Thirdly, all non-COVID related medical and basic research was struck hard. Hospitals are losing revenue due to canceled surgeries and treatment procedures, disease-focused foundations withdrew their summer calls for career development and other awards, and most government grants are moving toward funding COVID-19 research instead. These conditions have further narrowed the already scarce funding pool available to early-career scientists. Moreover, many elite journals are prioritizing providing up-to-date information for COVID-19 and have set aside other medical research. I have a pilot grant, which is due in July this year. With the current delay, I need to negotiate with our grants officer to find a way to resolve the problem. Luckily, it will only take a week to scale our zebrafish lines back to our routine to resume experimental work, so my delay will be fairly short. My colleagues working on mouse models will need months or up to a year to get back to their experiments.
However, not all is bad. With web-based video conferencing tools and secure online data sharing software, our lab has managed to keep our scholastic activities such as journal club and lab meetings running weekly. The departmental and institutional work-in-progress presentations also continued without interruption. Mount Sinai is now in Phase I of its reopening plan, so we are currently open at 25% capacity in the lab. This means one person per research bay to comply with social distancing guidelines. Researchers have to wear a mask the whole time. To help the group stay fully compliant with all the new COVID-19-related laboratory regulations, we developed a shared Google sheet.
With two young daughters at home, it is tough to maintain the same work efficiency as in the lab. My wife, Nai-Yun, who is a post-doctoral fellow, and I break the day into sections according to our kids’ online school schedule. With a clear to-do list every day, we can focus on our tasks when the kids are occupied with their school work or assignments. However, there are more challenges to come: with schools staying closed and summer camps canceled, we desperately need childcare support for the next phase of reopening and for when our research facilities return to full capacity. We are lucky to have a kind nanny who is willing to take care of our kids during our work time, even though she knows that helping us increases her risk of catching COVID-19. However, the extra financial burden of private childcare will keep us on an even tighter budget for the rest of the year.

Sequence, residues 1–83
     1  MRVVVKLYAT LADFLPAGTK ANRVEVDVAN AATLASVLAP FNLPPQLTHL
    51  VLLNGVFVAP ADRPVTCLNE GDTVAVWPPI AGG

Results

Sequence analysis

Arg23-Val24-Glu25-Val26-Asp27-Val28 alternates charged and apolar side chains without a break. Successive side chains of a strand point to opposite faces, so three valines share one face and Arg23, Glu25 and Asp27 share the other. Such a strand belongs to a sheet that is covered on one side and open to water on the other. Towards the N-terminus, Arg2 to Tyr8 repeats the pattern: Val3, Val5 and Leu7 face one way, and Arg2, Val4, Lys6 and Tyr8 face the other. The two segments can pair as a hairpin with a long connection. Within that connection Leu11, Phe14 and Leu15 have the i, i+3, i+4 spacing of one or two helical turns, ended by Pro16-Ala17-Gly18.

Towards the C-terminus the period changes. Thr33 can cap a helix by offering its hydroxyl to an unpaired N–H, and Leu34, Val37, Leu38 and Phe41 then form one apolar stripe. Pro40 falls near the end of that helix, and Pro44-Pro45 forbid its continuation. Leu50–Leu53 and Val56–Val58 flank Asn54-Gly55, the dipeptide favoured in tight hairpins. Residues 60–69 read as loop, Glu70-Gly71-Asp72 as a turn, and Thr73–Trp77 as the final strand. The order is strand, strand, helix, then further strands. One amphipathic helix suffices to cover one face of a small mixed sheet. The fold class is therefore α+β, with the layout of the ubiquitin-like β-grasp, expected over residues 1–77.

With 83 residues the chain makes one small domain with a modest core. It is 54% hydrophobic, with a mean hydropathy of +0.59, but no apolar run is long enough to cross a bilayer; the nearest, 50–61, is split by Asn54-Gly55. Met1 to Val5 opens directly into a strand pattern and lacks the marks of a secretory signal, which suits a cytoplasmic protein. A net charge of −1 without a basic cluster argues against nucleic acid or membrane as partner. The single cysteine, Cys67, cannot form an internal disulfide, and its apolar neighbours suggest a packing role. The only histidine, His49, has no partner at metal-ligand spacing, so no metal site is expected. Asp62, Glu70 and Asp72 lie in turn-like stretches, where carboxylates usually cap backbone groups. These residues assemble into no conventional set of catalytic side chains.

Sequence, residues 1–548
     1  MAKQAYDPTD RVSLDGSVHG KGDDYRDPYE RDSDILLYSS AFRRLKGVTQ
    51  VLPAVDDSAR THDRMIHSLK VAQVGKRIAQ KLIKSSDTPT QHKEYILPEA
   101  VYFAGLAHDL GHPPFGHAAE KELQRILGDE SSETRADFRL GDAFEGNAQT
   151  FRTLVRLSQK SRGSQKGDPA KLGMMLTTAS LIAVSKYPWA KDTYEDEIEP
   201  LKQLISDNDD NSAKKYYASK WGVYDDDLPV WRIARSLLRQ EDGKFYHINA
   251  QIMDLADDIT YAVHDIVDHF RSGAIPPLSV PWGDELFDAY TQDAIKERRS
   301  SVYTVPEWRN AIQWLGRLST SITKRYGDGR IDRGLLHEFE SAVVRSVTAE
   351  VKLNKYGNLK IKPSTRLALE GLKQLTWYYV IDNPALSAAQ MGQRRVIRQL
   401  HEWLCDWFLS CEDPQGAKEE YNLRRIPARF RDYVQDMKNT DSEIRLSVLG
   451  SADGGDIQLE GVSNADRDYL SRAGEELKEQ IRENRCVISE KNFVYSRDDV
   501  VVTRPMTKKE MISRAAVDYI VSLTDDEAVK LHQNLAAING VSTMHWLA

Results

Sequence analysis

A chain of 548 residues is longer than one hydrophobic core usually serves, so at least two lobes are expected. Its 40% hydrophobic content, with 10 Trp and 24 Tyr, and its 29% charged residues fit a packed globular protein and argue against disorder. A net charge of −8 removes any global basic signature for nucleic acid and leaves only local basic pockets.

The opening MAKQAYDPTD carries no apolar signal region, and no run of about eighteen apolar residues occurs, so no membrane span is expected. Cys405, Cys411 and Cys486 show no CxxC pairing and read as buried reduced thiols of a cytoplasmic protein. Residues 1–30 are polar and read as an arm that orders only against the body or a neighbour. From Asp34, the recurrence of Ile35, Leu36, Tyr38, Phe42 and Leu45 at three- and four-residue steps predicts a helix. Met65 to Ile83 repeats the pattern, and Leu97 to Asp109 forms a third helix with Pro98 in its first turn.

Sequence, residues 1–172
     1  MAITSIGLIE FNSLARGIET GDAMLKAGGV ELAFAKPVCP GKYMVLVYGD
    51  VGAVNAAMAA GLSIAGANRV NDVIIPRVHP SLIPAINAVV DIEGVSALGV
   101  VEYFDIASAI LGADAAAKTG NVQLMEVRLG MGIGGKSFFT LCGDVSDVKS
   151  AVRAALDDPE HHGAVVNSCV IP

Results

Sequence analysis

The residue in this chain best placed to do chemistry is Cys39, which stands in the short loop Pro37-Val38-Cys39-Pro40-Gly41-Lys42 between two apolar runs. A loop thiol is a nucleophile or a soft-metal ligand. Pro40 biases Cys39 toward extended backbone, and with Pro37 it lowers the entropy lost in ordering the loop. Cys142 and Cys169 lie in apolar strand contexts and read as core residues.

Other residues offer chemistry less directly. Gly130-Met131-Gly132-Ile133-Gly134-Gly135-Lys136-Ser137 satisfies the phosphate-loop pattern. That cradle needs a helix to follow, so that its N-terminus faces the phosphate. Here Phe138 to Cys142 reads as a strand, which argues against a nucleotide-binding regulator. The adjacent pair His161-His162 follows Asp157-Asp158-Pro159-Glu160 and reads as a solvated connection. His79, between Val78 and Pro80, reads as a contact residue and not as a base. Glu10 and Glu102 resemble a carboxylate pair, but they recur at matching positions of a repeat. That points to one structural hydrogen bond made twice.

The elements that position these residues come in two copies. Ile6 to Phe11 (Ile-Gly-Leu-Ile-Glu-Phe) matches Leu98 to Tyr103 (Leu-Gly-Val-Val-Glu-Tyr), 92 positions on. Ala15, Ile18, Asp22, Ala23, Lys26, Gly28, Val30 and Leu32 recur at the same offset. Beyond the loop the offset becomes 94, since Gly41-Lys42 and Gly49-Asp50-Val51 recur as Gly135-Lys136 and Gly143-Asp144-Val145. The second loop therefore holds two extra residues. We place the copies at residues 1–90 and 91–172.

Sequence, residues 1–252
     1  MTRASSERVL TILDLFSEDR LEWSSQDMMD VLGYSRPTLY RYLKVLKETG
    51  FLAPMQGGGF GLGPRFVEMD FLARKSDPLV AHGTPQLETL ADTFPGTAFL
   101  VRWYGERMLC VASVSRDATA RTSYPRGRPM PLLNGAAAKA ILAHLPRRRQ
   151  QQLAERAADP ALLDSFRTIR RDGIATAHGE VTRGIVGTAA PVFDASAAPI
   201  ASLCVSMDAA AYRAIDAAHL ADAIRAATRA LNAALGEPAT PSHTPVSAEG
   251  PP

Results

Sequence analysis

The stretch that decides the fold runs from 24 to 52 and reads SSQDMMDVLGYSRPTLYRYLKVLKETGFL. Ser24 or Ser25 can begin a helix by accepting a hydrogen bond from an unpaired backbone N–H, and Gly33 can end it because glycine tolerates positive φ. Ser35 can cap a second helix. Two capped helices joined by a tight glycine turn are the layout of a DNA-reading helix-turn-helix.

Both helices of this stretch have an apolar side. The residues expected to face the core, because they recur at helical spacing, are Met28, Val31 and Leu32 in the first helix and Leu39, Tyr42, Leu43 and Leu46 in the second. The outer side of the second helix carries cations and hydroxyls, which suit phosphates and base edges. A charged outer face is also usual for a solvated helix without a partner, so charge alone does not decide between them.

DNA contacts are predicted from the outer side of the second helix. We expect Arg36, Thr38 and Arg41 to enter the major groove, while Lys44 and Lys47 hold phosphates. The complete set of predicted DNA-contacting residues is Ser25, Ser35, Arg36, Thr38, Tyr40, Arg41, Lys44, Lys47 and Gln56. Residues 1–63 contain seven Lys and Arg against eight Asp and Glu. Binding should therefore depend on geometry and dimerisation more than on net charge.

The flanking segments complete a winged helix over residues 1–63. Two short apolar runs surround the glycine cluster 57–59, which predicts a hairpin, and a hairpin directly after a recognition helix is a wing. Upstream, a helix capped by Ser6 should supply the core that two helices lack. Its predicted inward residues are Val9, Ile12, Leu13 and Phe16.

My PI, Judy Cho, is exceptionally supportive. At the beginning of the pandemic, when there was not much information on how to continue with research, she scheduled multiple teleconferences with specialized COVID-19 GI clinicians, so we could get first-hand information on how to protect our lab members adequately. We frequently discussed new findings in our lab meetings, so every member had up-to-date information. We shut the lab down early, and now we are carefully following the reopening plan with a weekly supply of personal protective equipment from our department and the hospital.
As I mentioned in the beginning, uncertainties remain. Based on the current epidemiological model, COVID-19 is not going away any time soon. There is a high possibility of a second wave of infections, and we still have a lot to learn from this highly contagious virus. However, with full implementation of personal protective equipment, social distancing policies, and regular virus and antibody testing, we now can push research forward without risk or fear. The research community has shown extraordinary flexibility and resilience in responding to the pandemic. However, this crisis has also exposed several systemic issues, like funding and provisions for early- and middle-career researchers, that we now have the opportunity to re-think.
See also the First Person interview accompanying this article.